Note to users. If you're seeing this message, it means that your browser cannot find this page's style/presentation instructions -- or possibly that you are using a browser that does not support current Web standards. Find out more about why this message is appearing, and what you can do to make your experience of our site the best it can be.


Logo for

J. Biol. Chem. 281 (3): 1489-1494

© 2006 by The American Society for Biochemistry and Molecular Biology, Inc.

Mast Cell and Neutrophil Peptidases Attack an Inactivation Segment in Hepatocyte Growth Factor to Generate NK4-like Antagonists*

Wilfred W. Raymond{ddagger}§, Anthony C. Cruz{ddagger}§, , and George H. Caughey{ddagger}§1

{ddagger}Department of Medicine and Cardiovascular Research Institute, The University of California at San Francisco, San Francisco, California 94143 and §The Veterans Affairs Medical Center, San Francisco, California 94121

Abstract: Hepatocyte growth factor (HGF) is a plasminogen-like protein with an {alpha} chain linked to a trypsin-like beta chain without peptidase activity. The interaction of HGF with c-met, a receptor tyrosine kinase expressed by many cells, is important in cell growth, migration, and formation of endothelial and epithelial tubes. Stimulation of c-met requires two-chain, disulfide-linked HGF. Portions of an {alpha} chain containing an N-terminal segment and four kringle domains (NK4) antagonize HGF activity. Until now, no physiological pathway for generating NK4 was known. Here we show that chymases, which are chymotryptic peptidases secreted by mast cells, hydrolyze HGF, thereby abolishing scatter factor activity while generating an NK4-like antagonist of HGF scatter factor activity. Thus, chymase interferes with HGF directly by destroying active protein and indirectly by generating an antagonist. The site of hydrolysis, Leu480, lies in the {alpha} chain on the N-terminal side of the cysteine linking the {alpha} and beta chains. This site appears to be specific for HGF because chymase does not hydrolyze other plasminogen-like proteins, such as macrophage-stimulating protein and plasminogen itself. Mast cell/neutrophil cathepsin G and neutrophil elastase generate similar fragments of HGF by cleaving near the chymase site. Mast cell and neutrophil peptidases are secreted during tissue injury, infection, ischemia, and allergic inflammation, where they may oppose HGF effects on epithelial repair. Thus, HGF possesses an "inactivation segment" that serves as an Achilles' heel attacked by inflammatory proteases. This work reveals a potential physiological pathway for inactivation of HGF and generation of NK4-like antagonists.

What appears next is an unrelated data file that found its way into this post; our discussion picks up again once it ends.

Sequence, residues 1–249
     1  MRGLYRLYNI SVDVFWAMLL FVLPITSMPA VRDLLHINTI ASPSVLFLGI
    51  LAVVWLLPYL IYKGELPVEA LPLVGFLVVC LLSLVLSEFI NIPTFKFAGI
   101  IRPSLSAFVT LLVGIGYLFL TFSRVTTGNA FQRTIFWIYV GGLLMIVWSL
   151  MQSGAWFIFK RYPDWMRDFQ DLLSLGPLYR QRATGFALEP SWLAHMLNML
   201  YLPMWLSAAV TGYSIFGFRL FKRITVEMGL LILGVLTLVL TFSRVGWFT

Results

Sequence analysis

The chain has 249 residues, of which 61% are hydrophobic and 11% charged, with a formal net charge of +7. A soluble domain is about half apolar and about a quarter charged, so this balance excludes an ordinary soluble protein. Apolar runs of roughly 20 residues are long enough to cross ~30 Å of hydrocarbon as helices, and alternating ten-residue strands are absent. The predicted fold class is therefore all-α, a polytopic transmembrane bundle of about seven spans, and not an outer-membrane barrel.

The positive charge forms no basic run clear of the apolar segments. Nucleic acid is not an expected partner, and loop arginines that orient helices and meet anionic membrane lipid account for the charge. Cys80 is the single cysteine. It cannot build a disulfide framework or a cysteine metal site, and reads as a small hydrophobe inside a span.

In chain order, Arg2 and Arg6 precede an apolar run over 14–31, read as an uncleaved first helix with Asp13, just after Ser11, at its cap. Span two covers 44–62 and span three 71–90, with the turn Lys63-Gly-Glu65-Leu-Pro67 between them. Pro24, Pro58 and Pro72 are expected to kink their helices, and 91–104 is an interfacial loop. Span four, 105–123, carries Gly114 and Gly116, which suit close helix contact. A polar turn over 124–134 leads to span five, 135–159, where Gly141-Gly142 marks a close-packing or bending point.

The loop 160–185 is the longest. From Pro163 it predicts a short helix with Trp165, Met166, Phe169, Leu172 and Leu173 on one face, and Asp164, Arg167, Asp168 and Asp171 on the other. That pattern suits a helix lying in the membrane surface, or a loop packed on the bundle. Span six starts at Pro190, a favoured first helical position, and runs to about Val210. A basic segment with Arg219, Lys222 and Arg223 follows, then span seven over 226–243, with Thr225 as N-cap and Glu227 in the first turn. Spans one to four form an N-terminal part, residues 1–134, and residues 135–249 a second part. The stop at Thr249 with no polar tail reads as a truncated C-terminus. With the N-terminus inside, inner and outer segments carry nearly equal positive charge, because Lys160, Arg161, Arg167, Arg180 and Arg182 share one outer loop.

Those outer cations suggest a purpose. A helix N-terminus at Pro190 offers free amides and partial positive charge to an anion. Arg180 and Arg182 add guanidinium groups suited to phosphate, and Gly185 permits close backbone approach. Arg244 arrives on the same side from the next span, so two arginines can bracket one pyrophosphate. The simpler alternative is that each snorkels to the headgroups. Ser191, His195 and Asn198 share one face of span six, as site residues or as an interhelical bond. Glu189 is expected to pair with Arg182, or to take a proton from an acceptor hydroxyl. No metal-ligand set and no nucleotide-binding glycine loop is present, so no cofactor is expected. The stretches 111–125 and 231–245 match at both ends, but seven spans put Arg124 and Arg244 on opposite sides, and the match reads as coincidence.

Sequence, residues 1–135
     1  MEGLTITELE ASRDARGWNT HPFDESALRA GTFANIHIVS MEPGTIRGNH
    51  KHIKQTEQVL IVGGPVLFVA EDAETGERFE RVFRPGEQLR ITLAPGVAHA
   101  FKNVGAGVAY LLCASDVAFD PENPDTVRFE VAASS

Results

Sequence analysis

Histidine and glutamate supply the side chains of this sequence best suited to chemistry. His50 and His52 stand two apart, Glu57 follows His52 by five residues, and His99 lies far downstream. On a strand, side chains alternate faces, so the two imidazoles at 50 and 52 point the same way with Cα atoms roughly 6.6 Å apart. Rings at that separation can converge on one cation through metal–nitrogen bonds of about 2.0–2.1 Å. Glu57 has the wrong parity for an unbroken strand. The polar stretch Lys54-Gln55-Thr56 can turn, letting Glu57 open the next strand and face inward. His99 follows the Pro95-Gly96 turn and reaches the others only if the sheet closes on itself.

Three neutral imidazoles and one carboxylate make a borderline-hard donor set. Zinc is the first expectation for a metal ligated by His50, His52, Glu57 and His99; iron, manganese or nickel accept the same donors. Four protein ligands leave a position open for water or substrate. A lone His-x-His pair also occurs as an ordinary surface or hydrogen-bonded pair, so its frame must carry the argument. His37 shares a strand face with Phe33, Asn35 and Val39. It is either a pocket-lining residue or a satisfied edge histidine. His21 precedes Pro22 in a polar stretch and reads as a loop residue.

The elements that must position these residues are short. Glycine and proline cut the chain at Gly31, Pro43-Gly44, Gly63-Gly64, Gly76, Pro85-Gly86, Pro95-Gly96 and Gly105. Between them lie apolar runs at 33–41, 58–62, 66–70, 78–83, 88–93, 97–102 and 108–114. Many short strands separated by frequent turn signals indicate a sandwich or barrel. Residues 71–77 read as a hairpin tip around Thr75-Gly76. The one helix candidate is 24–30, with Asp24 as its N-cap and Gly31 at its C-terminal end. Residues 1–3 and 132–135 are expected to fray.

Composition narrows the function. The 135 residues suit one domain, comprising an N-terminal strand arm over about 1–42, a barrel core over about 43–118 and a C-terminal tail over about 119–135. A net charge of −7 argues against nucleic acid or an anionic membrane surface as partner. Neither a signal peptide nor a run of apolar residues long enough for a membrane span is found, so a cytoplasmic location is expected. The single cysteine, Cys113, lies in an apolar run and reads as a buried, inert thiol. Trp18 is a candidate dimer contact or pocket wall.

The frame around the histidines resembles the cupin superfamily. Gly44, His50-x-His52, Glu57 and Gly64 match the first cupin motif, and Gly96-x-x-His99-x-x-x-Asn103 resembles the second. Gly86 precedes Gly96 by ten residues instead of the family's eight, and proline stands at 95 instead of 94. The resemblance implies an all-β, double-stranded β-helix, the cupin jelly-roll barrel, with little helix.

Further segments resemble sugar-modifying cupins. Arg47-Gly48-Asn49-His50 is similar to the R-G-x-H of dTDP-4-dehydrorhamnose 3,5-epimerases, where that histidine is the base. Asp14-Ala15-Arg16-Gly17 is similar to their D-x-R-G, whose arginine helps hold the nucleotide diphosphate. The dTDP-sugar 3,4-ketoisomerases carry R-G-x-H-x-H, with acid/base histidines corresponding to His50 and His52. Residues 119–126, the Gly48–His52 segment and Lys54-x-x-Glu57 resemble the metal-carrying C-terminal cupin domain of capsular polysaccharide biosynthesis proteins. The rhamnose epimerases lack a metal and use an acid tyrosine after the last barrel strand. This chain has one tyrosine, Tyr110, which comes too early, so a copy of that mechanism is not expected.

Received for publication October 13, 2005. Revision received November 22, 2005.

* This work was supported by Grant HL024136 from the National Institutes of Health and by the Northern California Institute for Research and Education. The costs of publication of this article were defrayed in part by the payment of page charges. This article must therefore be hereby marked "advertisement" in accordance with 18 U.S.C. Section 1734 solely to indicate this fact.

1 To whom correspondence should be addressed: Veterans Affairs Medical Center 111-D, 4150 Clement St., San Francisco, CA 94121; Tel.: 415-221-4810 (ext. 2385); Fax: 415-387-3568; E-mail: George.Caughey{at}

Mutational Tail Loss Is an Evolutionary Mechanism for Liberating Marapsins and Other Type I Serine Proteases from Transmembrane Anchors.
K. Raman, N. N. Trivedi, W. W. Raymond, R. Ganesan, D. Kirchhofer, G. M. Verghese, C. S. Craik, E. L. Schneider, S. Nimishakavi, and G. H. Caughey (2013)
J. Biol. Chem. 288, 10588-10598
   Abstract »    Full Text »    PDF »
Identification of Mannose Receptor as Receptor for Hepatocyte Growth Factor {beta}-Chain: NOVEL LIGAND-RECEPTOR PATHWAY FOR ENHANCING MACROPHAGE PHAGOCYTOSIS.
H. Ohnishi, K. Oka, S. Mizuno, and T. Nakamura (2012)
J. Biol. Chem. 287, 13371-13381
   Abstract »    Full Text »    PDF »
How Immune Peptidases Change Specificity: Cathepsin G Gained Tryptic Function but Lost Efficiency during Primate Evolution.
W. W. Raymond, N. N. Trivedi, A. Makarova, M. Ray, C. S. Craik, and G. H. Caughey (2010)
J. Immunol. 185, 5360-5368
   Abstract »    Full Text »    PDF »
Structural basis for agonism and antagonism of hepatocyte growth factor.
W. D. Tolbert, J. Daugherty-Holtrop, E. Gherardi, G. Vande Woude, and H. E. Xu (2010)
PNAS 107, 13264-13269
   Abstract »    Full Text »    PDF »
Angioinhibitory Action of NK4 Involves Impaired Extracellular Assembly of Fibronectin Mediated by Perlecan-NK4 Association.
K. Sakai, T. Nakamura, K. Matsumoto, and T. Nakamura (2009)
J. Biol. Chem. 284, 22491-22499
   Abstract »    Full Text »    PDF »
Crosstalk between the {alpha}2{beta}1 integrin and c-met/HGF-R regulates innate immunity.
K. D. McCall-Culbreath, Z. Li, and M. M. Zutter (2008)
Blood 111, 3562-3570
   Abstract »    Full Text »    PDF »

To Advertise     Find Products

Science Signaling. ISSN 1937-9145 (online), 1945-0877 (print). Pre-2008: Science's STKE. ISSN 1525-8882